Janie B. Cheaney

Janie is a senior writer who contributes commentary to WORLD and oversees WORLD's annual Children's Book of the Year awards. She also writes novels for young adults and authored the Wordsmith creative writing curriculum. Janie resides in rural Missouri.

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Man in conflict

Children’s Books of the Year | Children’s nonfiction book of the year: One theologian’s struggle to understand God and defeat Hitler
by Janie B. Cheaney
Posted 2/14/19, 02:18 pm

Few “Christian heroes” attract the admiration of the modern age more than Dietrich Bonhoeffer. His courage in standing up to an obvious evil like Adolf Hitler and the Third Reich, his devotion to his family, and his musical and literary gifts are all virtues anyone, secular or religious, can appreciate. But our nonfiction winner presents a figure few secular readers can grasp: a man smitten by God from an early age. Perhaps the most sensitive treatment of this life can only come from an author or illustrator with similar leanings.

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Krieg Barrie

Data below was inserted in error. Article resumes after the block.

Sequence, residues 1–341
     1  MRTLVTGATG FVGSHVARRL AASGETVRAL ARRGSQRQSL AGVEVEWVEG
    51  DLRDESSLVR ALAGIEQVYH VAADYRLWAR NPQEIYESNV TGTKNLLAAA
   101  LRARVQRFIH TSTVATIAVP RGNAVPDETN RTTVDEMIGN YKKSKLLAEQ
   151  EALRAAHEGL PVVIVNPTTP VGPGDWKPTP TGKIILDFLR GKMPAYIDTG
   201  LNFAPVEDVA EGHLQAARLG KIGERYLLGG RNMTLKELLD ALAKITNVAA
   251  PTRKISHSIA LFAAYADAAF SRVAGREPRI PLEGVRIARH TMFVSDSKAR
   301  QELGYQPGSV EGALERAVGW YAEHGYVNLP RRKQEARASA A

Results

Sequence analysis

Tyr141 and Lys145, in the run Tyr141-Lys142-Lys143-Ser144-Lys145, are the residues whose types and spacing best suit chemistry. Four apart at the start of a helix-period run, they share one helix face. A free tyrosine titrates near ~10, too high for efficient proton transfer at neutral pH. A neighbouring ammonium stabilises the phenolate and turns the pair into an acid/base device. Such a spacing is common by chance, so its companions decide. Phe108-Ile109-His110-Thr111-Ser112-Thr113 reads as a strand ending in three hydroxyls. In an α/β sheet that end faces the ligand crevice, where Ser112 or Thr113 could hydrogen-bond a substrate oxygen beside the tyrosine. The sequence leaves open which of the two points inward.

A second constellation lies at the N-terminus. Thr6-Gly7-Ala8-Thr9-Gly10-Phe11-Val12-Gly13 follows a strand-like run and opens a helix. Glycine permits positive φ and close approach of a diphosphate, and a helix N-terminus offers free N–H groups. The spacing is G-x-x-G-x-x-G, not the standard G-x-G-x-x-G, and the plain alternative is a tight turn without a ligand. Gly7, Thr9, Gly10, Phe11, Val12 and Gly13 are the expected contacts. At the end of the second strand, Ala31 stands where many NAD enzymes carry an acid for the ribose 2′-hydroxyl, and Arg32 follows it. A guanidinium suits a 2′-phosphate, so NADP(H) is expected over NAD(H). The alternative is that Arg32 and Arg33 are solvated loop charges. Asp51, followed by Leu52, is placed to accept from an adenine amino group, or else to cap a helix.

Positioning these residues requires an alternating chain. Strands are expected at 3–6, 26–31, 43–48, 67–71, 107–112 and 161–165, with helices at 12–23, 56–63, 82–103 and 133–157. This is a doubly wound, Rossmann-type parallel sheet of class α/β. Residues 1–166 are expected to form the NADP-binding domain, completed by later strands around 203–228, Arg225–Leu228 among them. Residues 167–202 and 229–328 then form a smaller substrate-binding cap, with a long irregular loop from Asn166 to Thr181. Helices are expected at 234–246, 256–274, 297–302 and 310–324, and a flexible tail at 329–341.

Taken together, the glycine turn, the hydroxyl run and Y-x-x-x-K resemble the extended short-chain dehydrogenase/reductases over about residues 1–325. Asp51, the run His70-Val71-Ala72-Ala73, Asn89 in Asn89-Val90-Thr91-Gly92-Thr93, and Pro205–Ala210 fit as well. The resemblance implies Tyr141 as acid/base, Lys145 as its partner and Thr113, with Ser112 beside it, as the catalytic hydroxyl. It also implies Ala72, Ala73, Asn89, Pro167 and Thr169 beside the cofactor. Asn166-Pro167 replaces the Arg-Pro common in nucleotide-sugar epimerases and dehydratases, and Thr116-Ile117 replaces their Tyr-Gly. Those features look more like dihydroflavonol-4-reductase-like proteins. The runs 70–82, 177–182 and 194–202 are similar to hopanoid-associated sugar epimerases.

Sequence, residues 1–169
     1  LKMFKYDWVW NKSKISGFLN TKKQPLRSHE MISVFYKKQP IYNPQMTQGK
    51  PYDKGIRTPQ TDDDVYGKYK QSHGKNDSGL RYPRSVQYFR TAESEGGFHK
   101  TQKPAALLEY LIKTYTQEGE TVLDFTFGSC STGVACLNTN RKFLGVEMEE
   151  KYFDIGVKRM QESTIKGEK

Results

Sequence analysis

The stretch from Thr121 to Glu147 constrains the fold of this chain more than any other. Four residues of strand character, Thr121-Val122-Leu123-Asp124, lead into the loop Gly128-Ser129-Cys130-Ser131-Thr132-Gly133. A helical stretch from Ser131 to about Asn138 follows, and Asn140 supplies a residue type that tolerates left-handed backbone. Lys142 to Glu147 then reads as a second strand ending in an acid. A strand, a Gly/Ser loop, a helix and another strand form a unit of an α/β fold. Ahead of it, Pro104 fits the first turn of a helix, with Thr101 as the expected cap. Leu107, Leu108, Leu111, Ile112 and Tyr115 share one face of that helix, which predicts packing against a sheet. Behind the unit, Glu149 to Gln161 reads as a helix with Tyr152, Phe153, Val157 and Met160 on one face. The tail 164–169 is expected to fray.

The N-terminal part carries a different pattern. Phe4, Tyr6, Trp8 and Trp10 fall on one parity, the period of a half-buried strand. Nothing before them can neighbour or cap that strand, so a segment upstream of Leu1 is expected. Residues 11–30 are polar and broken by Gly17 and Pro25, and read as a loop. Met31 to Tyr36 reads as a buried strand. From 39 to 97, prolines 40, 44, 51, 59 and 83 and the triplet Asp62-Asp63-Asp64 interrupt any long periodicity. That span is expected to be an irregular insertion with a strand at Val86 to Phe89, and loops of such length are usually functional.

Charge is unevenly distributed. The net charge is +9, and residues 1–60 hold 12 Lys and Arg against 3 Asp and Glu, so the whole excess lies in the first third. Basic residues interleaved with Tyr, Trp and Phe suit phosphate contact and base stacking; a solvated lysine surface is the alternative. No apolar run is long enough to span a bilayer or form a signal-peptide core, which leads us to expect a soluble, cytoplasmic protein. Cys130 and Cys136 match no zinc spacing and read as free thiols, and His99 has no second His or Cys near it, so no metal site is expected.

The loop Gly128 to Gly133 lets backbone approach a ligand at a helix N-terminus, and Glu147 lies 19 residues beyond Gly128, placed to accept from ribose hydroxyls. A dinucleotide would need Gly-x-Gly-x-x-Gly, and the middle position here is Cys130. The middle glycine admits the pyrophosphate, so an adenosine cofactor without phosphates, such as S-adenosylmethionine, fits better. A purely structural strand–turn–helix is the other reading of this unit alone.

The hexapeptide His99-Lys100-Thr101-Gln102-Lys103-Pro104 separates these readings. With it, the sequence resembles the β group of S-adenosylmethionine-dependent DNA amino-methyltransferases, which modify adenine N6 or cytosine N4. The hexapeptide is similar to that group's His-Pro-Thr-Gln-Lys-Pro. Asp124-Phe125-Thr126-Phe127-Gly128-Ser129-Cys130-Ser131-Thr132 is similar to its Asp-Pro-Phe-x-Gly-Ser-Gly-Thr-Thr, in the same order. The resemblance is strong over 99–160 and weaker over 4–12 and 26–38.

Books of the resistance

Children’s Books of the Year | A wave of activist-themed children’s books has surged in the Trump era
by Janie B. Cheaney
Posted 2/14/19, 02:17 pm

“One remarkable feature of Donald Trump’s constantly surprising tenure,” reported Publishers Weekly last May, “is this: he is a professed nonreader whose presidency just might launch a thousand books.”

Indeed, shortly after the election of 2016, the publishing world rose up with cries of “Resist!” Dozens of children’s authors expressed their dismay, followed shortly by determination to push back against this new wave of supposed racism, sexism, and xenophobia. Within months, books aimed at encouraging teen activism were rolling off the presses.

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Matt Marcinkowski

From hand to heart

Children’s Books of the Year | A Q&A with author and illustrator John Hendrix
by Janie B. Cheaney
Posted 2/14/19, 02:16 pm

Illustrator John Hendrix’s picture book Miracle Man: The Story of Jesus gathered rave reviews three years ago. This year, The Faithful Spy, an unabashedly Christian take on Dietrich Bonhoeffer, has attracted even more attention. Hendrix, a Presbyterian Church in America elder, has a secular publisher that has never made an issue of his spiritual themes. “Christians are a market, and my editor recognizes that,” he says.

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